CIVIL ENGINEERS ARE NOT BORING
NEW CIVIL ENGINEER (May 13) reported on the meeting held at the Institute of Civil Engineers in London on May 4 when the authors of a new book on Livingstone (see the Reviews Section) described to a packed audience (all 250 seats sold) their trip by bicycle, largely in Tanzania, to retrace Livingstone’s last journey. One of the authors, Colum Wilson (the other is his wife) is an engineer employed by Gibb and he described how he had managed to keep within 15 miles of Livingstone’s own route by using data from a satellite global positioning system device which “was safer than the night skies and sextant used by Livingstone”. Wilson described how they took with them a machete, a walletful of dollars (but they were frequently desperately short of money) and bicycles with four paniers into one of which a tent was stuffed. The authors were burnt, bitten and came home two stones lighter. The audience, through its loud applause, expressed its agreement with the Chairman of the evening event, Professor George Fleming, when he said “Don’t let anyone tell you that civil engineers are boring” (Thank you Dick Wailer for sending this item -Editor).
‘THE GOLDEN OLDIES’
The VSO publication ORBIT in its Third Quarter 1999 issue featured Shikamoo Jazz which it described as the ‘Golden Oldies’. The band comprises 10 Tanzanian musicians in their fifties and sixties who dance and sing everything from rumba, chacha, samba and twist to traditional Swahili music and Taarabu. Their most famous song, which was first performed at the launch of the ‘International Year of Older People’ is Wazee Tuwatunzee (Let us care for older people). The article concluded ‘It’s message is strong and simple and best encapsulates the band’s lasting legacy’ .
The TIMES OF SWAZILAND in a full page article by Dr Joshua Mzizi praised what was described as the ‘stunning biography’ of the late Father Trevor Huddleston, former President of the Britain-Tanzania Society. The writer was particularly pleased by the decision of the publishers, Macmillans, to launch the book in Swaziland -even though they could not expect big sales there. ‘I think the publishers are asking Swazis to take a deep and long look at a Christian Minister who made a difference in his lifetime …… Father Huddleston was a man of prayer -someone who withdrew from the crowds, like any disciplined monk, to meditate and talk with God … ‘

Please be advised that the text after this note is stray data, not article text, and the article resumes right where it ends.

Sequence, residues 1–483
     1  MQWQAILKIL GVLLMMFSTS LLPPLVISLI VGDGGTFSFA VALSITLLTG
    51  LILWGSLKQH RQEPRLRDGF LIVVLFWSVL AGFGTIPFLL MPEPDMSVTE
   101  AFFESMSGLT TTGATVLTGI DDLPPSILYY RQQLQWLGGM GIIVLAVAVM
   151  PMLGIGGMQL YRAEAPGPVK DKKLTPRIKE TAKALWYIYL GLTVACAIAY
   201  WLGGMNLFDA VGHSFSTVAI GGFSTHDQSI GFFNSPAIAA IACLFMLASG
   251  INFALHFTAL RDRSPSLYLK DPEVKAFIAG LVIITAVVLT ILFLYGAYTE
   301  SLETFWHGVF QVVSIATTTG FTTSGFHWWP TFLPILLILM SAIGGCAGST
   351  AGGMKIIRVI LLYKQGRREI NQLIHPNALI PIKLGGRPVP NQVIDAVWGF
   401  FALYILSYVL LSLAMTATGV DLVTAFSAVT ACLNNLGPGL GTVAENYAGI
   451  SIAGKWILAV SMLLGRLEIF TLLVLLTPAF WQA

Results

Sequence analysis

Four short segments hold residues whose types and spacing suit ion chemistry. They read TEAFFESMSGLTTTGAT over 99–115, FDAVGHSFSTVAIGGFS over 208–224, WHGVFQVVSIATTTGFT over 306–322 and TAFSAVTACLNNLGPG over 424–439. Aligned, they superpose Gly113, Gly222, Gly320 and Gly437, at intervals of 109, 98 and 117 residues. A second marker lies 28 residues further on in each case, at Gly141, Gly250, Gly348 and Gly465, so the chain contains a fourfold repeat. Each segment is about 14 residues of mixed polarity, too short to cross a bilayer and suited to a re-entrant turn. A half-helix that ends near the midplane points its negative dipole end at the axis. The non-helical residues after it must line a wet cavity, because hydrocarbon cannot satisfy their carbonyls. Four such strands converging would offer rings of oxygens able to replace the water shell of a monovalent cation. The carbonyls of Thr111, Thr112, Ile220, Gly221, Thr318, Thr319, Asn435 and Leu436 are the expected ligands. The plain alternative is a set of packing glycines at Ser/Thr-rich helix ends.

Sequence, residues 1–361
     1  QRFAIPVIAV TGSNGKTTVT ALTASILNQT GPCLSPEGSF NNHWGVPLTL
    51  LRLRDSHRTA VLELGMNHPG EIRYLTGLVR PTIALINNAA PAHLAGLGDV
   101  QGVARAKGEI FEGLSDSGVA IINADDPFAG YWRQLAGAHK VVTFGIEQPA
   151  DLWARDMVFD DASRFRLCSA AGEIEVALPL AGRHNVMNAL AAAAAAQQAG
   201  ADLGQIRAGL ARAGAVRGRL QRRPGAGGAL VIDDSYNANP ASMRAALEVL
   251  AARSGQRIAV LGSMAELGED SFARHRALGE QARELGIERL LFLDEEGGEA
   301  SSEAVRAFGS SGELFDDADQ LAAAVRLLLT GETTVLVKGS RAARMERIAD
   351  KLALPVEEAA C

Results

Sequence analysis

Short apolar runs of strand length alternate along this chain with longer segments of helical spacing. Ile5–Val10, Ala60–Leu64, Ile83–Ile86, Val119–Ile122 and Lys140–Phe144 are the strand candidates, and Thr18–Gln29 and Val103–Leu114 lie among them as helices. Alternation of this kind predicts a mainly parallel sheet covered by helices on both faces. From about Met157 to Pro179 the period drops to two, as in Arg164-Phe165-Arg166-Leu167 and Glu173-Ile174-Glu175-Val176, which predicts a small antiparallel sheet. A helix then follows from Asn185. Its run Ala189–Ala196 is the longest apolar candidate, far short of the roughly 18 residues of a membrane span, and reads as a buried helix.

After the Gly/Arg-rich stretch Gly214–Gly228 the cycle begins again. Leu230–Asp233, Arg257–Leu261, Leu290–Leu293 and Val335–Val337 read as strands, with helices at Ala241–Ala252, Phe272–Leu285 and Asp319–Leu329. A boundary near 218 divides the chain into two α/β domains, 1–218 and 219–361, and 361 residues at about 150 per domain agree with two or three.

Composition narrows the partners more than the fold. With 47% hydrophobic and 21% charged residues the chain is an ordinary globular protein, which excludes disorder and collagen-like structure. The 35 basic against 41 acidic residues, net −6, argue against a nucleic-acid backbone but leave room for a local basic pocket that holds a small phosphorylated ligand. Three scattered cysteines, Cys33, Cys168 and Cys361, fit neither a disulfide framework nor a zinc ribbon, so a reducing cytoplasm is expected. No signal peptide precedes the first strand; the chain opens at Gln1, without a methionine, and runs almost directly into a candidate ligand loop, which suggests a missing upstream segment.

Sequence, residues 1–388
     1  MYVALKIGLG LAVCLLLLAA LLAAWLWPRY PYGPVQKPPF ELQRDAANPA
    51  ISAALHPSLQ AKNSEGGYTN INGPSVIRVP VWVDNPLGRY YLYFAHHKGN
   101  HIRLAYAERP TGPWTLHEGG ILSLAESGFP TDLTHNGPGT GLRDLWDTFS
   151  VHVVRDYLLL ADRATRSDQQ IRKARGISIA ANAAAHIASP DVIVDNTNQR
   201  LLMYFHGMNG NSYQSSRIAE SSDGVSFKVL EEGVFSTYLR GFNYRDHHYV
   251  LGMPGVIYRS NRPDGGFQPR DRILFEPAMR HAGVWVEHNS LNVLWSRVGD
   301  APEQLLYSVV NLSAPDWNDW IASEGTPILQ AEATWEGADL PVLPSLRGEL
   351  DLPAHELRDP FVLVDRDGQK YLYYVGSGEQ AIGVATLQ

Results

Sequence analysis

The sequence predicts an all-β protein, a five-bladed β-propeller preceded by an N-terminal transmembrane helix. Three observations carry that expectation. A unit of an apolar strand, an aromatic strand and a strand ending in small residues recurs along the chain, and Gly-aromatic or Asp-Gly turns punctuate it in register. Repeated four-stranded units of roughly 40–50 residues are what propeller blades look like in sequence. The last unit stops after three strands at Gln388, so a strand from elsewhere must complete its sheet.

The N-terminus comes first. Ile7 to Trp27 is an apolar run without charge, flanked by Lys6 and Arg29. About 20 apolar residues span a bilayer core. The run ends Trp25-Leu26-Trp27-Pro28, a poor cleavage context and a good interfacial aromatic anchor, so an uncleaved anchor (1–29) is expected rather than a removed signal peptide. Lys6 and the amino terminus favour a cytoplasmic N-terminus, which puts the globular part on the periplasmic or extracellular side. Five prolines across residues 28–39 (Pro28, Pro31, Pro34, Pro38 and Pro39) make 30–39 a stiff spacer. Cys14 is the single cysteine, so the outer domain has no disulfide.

ZANZIBAR AND THE ‘DARK AGES’ IN EUROPE
Fascinating excavations in Zanzibar by Bristol University archaeologist Mark Horton described in THE TIMES (June 8) reveal that the popularity of carved ivory might have triggered the Dark Ages in Europe. A plague which ushered in the Dark Ages and spread across the Mediterranean during the six years from AD 541 was said to have been traced to rats brought to Europe aboard ships carrying ivory for the Romans. Dr Horton’s excavations show that the Port of Unguja Ukuu dates back to the 6th Century AD. The dig has produced typical 6th Century Mediterranean pottery together with the bones of the black rat Rattus rattus which is not indigenous to Africa and must have arrived in ships. The local rodents had become immune to the plague but may have acted as a reservoir of infected fleas and passed them on to Europe-bound ships’ rats travelling with the ivory.
The DAILY TELEGRAPH reported on June 5 that Eton College had held a ‘charity mufti day’. The boys contributed £1 each (which went to the Mvumi Secondary School in Tanzania) and were then allowed to ditch for one day the formal tails they normally have to wear. One group dressed in drag and some wore just jock straps or bin liners. Prince William was wearing face paint and a sort of Lawrence of Arabia outfit.
In a study of the plight of hunter gatherers around the world by James Woodburn in NATURAL RESOURCE PERSPECTIVES (June 1999), a series published by the Overseas Development Institute, the problems of the Hazda people of Northern Tanzania were discussed. Their language was not related to any other in the world and they had resisted settlement over many years. During the colonial period there had been two attempts to settle them, both of which ended with measles epidemics and high mortality. Further efforts at sedentarising them involving armed police in 1964 and 1980 had caused embarrassment to the government. Meanwhile, land encroachment on their traditional hunting grounds had proceeded apace and wildlife resources had been depleted by urban hunters. There had been NGO efforts to help the Hazda with schools and clinics but these had been diverted to the dominant political groups in the area, the Iraq and Datooga.